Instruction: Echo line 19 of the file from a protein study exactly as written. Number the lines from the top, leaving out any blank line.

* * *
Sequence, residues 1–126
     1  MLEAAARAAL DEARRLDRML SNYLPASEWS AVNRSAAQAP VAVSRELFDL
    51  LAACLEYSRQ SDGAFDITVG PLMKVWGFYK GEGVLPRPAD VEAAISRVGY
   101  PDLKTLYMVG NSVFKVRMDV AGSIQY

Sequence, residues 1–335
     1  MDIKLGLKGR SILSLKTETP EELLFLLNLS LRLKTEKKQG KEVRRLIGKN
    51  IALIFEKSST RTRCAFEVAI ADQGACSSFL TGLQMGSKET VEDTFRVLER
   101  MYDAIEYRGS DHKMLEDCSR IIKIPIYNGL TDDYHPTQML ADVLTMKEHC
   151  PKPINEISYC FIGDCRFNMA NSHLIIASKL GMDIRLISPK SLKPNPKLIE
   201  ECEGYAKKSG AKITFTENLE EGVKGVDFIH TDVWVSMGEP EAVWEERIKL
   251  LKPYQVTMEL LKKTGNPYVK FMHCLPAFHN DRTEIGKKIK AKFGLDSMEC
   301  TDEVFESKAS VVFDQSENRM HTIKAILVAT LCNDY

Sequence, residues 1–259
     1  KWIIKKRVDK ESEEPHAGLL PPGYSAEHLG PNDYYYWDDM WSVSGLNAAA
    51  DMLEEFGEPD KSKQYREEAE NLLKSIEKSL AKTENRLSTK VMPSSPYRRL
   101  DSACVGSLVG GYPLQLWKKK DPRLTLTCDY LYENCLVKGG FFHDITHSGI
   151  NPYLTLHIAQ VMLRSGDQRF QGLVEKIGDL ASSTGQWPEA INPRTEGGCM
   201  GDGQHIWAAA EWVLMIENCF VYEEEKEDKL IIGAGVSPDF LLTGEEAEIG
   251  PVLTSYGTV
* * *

   251  PVLTSYGTV